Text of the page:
"There's more to see than can ever be seen, more to do than can ever be done." When musicians Elton John and Tim Rice wrote the opening tune to Disney's "The Lion King," they were describing the "Circle of Life." But this lyric serves as a fitting description for world-renowned Serengeti National Park. This magnificent game park sprawls across 5,700 square miles of northern Tanzania in East Africa. When American hunter-turned-conservationist Stewart Edward White first set foot in the Serengeti in 1913, he described the journey: "We walked for miles over burnt out country. ... Then I saw the green trees of the river, walked two miles more and found myself in paradise."
Within the boundaries of the Serengeti, you'll hear thousands of animals: Hyenas cackle as elephants trample well-worn safari roads and hippos splash in watering holes. And at any given time, more than 2,000 lions are poised to pounce on unsuspecting prey, preparing to chase their unlucky target through the seemingly endless waves of golden grass. The scenery rustles with the swift steps of loping giraffes, and tree branches shake with every monkey's movement. But the most magical site you'll behold is The Great Migration, during which White's paradise is drowned by a sea of animals as more than one million wildebeest, zebras and gazelles traverse the Serengeti in search of greener pastures.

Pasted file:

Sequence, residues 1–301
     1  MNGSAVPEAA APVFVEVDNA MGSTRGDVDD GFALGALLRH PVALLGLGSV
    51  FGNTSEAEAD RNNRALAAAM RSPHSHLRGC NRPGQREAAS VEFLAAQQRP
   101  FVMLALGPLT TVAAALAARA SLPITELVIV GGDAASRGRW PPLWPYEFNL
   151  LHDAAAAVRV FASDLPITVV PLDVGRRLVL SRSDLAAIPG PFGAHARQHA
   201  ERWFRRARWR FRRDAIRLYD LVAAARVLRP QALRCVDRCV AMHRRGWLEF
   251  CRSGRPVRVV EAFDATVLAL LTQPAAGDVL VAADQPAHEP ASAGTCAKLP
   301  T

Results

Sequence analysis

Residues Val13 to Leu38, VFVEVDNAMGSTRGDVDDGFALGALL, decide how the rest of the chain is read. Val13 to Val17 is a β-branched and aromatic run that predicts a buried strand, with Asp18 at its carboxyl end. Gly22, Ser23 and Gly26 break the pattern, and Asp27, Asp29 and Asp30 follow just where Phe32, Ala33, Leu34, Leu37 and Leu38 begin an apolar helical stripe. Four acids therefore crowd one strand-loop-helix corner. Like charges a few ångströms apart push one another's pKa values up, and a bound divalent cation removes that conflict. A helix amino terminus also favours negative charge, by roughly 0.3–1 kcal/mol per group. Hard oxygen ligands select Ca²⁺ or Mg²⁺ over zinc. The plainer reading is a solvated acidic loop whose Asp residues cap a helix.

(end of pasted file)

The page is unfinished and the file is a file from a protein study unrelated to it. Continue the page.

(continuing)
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The best times to visit Serengeti National Park are from January to March or from June to October, although you should plan your trip around the movement of The Great Migration. For example, winter is the best time to see the herd in Southern Serengeti, while the Western Corridor and Northern Serengeti are the best places to spend the summer and autumn months. Most safari operators will have a good idea of where the animals are headed and when, and most will adjust their itineraries based on the herd's movement. Temperatures remain relatively constant with daytime highs resting in the 80s. You'll find cooler weather in the Ngorongoro Conservation Area due to its higher elevation. April and May see the most rainfall, and many lodges and camps close for this slower season.